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I am reading Real Analysis by Yeh and have a question about the following result (Thm 3.25 in the book)
Theorem If $E \in \mathfrak{M}_L$ and $\mu_L(E)< \infty$, then $\forall \epsilon>0$ $\exists$ finitely many open intervals $I_1, \ldots, I_N$ s.t. $\mu_L(E \triangle \cup_{n=1}^NI_n)< \epsilon$.

Notations: $\mathfrak{M}_L$ is the $\sigma$-algebra of Lebesgue measurable subsets of $\mathbb{R}$, $\mu_L$ denotes Lebesgue measure. If we're not sure $E \in \mathfrak{M}_L$, then $\mu_L^*(E)$ denotes the Lebesgue outer measure of E. For intervals $I$, Yeh sometimes uses $\ell(I)$ to denote their length. The symmetric difference of 2 sets is $A \triangle B:=(A \setminus B) \cup (B \setminus A)$.

I didn't know how to prove this, so I read Yeh's proof. After a while I tried to prove it again but came up with something simpler that seems to work, so wanted to ask if I might have missed something. My attempt is below, followed by Yeh's proof (it's long, so I of course want something simpler in my notes if possible). Thanks in advance for any help.

My attempt: Fix $\epsilon>0$. Use the definition of outer measure as an infimum to pick a sequence $(I_n)$ of open intervals s.t. $E \subseteq \cup_{n=1}^ \infty I_n$ and $\sum_{n=1}^\infty \mu_L(I_n) \leq \mu_L(E) + \epsilon$. Since $\mu_L(E)< \infty$, $\sum_{n=1}^\infty \mu_L(I_n)$ converges, so pick $N \in \mathbb{N}$ s.t. $\sum_{n=N+1}^\infty \mu_L(I_n)< \epsilon$. Then \begin{split} \mu_L(E \triangle \cup_{n=1}^NI_n) &= \mu_L \big( (E \setminus \cup_{n=1}^N I_n) \cup ( \cup_{n=1}^N I_n \setminus E) \big) \\ & \leq \mu_L(E \setminus \cup_{n=1}^N I_n)+\mu_L( \cup_{n=1}^N I_n \setminus E) \\ & \leq \mu_L(\cup_{n=1}^\infty I_n \setminus \cup_{n=1}^N I_n)+\mu_L( \cup_{n=1}^\infty I_n \setminus E) \\ & \leq \mu_L(\cup_{n=N+1}^\infty I_n)+\mu_L( \cup_{n=1}^\infty I_n)- \mu_L(E) \\ & \leq \sum_{n=N+1}^\infty \mu_L(I_n)+ \sum_{n=1}^\infty \mu_L(I_n)- \mu_L(E) <2 \epsilon \end{split} where we have repeatedly used that a measure is monotone and subadditive. In the 4th line, we have also used an earlier fact that $A,B \in \mathfrak{M}_L$, $A \subseteq B$, $\mu_L(A)< \infty$ implies $\mu_L(B \setminus A)= \mu_L(B)- \mu_L(A)$. Since $\epsilon$ is arbitrary, this is the desired result.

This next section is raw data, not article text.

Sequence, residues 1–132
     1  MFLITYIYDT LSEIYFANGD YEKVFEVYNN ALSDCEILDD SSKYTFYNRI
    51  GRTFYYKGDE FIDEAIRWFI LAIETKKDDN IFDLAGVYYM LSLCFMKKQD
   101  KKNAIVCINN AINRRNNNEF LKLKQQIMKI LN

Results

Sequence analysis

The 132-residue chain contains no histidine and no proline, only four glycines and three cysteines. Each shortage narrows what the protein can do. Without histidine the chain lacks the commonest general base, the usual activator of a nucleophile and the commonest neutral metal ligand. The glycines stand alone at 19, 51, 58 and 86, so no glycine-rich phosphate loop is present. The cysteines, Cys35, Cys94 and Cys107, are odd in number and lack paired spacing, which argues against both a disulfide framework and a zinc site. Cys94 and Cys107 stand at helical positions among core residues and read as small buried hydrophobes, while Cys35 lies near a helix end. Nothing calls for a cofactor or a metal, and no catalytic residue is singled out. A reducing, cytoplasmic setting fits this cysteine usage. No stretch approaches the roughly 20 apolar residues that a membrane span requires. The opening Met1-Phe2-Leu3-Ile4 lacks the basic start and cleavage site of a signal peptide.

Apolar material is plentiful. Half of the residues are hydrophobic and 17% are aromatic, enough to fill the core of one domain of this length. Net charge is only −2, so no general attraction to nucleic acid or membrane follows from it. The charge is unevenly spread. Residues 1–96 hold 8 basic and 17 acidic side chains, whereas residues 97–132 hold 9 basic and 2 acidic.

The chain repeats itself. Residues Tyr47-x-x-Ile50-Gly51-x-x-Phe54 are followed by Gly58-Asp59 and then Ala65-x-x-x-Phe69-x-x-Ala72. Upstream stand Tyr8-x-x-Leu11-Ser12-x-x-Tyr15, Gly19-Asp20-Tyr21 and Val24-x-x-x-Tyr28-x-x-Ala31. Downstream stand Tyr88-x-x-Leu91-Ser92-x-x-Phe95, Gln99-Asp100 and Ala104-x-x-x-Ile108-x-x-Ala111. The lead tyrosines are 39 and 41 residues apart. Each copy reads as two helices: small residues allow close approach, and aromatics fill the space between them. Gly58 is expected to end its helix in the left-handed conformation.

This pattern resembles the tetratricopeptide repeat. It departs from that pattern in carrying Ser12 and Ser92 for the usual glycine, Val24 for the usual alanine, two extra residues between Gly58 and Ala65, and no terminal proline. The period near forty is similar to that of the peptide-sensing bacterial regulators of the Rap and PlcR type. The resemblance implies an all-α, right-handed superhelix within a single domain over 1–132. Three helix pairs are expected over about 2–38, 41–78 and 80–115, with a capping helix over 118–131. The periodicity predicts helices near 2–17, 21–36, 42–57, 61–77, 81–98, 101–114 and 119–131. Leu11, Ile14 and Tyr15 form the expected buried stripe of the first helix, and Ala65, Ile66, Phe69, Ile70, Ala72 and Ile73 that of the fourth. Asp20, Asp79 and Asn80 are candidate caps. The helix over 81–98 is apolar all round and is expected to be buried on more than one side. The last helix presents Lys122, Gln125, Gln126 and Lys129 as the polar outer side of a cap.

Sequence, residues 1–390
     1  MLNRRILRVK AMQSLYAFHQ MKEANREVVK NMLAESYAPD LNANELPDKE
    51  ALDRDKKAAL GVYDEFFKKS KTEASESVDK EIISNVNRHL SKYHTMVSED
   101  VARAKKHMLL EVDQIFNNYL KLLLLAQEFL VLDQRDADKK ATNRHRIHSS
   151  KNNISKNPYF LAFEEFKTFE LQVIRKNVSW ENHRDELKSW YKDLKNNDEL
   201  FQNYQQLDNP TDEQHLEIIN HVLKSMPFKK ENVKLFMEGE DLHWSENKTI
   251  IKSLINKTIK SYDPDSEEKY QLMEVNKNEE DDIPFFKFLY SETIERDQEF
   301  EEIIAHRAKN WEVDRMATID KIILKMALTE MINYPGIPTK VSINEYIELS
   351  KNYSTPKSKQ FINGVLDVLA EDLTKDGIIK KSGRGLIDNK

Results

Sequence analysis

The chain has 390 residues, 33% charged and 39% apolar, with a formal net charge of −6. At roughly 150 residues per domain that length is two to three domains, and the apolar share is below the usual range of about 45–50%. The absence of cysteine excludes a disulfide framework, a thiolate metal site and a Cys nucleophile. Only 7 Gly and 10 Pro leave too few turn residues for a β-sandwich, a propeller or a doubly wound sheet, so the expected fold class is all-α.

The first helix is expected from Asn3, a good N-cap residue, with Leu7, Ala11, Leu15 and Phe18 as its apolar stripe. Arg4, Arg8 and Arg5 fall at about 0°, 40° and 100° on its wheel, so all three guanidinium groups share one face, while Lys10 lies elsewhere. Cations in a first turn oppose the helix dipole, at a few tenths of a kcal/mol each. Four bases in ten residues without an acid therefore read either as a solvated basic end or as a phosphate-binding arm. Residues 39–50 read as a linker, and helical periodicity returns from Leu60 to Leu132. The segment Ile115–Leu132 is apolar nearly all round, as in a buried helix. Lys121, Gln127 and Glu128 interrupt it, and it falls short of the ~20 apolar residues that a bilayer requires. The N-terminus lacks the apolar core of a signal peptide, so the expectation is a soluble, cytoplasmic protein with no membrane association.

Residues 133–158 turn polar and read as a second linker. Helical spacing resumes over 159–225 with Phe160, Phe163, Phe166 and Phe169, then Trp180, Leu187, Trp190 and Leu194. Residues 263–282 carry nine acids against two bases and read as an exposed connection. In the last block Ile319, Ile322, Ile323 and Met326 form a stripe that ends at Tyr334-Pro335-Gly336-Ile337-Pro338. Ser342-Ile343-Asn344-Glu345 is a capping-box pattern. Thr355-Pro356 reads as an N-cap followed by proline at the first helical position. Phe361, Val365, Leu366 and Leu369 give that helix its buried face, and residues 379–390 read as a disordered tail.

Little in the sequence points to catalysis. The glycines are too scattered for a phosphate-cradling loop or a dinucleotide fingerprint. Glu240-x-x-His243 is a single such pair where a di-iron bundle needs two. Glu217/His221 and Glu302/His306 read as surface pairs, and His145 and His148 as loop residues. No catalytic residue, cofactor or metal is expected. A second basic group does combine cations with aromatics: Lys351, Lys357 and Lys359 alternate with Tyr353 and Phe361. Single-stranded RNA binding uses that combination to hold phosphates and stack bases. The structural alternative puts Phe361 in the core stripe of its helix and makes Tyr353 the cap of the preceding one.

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(I'm cutting the proof here, but Yeh pretty much bounds each of the 3 pieces on the RHS separately after this).

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  • $\begingroup$ Do you know that a Lebesgue measurable subset of finite measure is approximable, in measure, by compact subsets? $\endgroup$ – zhw. Mar 14 '17 at 22:51
  • $\begingroup$ Sorry, I have not heard of it $\endgroup$ – Jason Mar 14 '17 at 23:34
  • $\begingroup$ It seems to be the modern teaching style to avoid mentioning inner measure. If $m$ is a measure for which closed sets are measurable, the inner measure of $S$ is $m^i(S)=\sup \{m(C): C=\overline C\subset S\}.$ $\endgroup$ – DanielWainfleet Apr 13 '18 at 18:26
  • $\begingroup$ When $m$ is Lebesgue measure and $m^o$ is outer Lebesgue measure and $m^i$ is inner Lebesgue measure we have $S\in dom (m)$ iff $m^i(A\cap S)=m^o(A\cap S)$ for every bounded interval $A.$ It follows that $S\in dom (m)$ iff there exists an $F_{\sigma}$-set $C$ and a $G_{\delta}$-set $D$ such that $C\subset S\subset D$ and such that $m(C)=m^i(S)=m^o(S)=m(D).$ $\endgroup$ – DanielWainfleet Apr 13 '18 at 19:41
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Let $m$ be Lebesgue measure on $\Bbb R.$ Let $E\in dom (m)$ with $m(E)<\infty.$ We have $m(E)=\sum_{n\in \Bbb Z}m(E\cap (n,n+1]).$ Let $\epsilon>0.$

There exists $a\in \Bbb Z^+$ such $m(E\cap (-a,a))=\sum_{n=-a}^{a-1}m(E\cap (n,n+1])>m(E)-\epsilon /3.$

If U is an open subset of $\Bbb R$ then $U=\cup F$ for some countable family $F$ of pair-wise disjoint convex open sets. If $U$ is a bounded open set then each $f\in F$ is a bounded open interval.

Let $U$ be open with $U\supset E$ and $m(U\setminus E)<\epsilon /3.$ Let $V=U\cap (-a,a+\epsilon /3).$ Let $F$ be a countable family of pair-wise disjoint bounded open intervals such that $\cup F=V.$

Now $\sum_{f\in F}m(f)=m(\cup F)=m(V)<\infty,$ so there exists a finite $G\subset F$ such that $m(\cup G)=\sum_{g\in G}m(g)>-\epsilon /3+\sum_{f\in F}m(f)=m(V)-\epsilon /3.$

You may now confirm that $m(E\Delta (\cup G))<\epsilon.$

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  • $\begingroup$ $E\Delta (\cup G)\subset P\cup Q\cup R$ where $Q=E\setminus (-a,a)$ and $Q=(\cup (F)\setminus (\cup G)$ and $R=E\setminus (\cup F)$. $\endgroup$ – DanielWainfleet Apr 13 '18 at 19:22
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Your proof is correct.

Yeh's proof is longer (more complicated?) because he wants to use (ii) of Theorem 3.22 ($E$ measurable iff $\forall\ \epsilon > 0\ \exists$ an open set $O \supseteq E$ such that $\mu_L(O \setminus E) < \epsilon$). Directly using the definition of measurability on $E$ as you have done also works.

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